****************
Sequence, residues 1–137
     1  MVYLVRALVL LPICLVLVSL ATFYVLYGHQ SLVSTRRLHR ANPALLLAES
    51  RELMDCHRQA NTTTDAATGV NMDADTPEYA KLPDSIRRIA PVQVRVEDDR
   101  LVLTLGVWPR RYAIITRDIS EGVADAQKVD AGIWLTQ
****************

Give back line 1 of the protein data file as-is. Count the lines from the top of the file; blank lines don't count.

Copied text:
Sequence, residues 1–137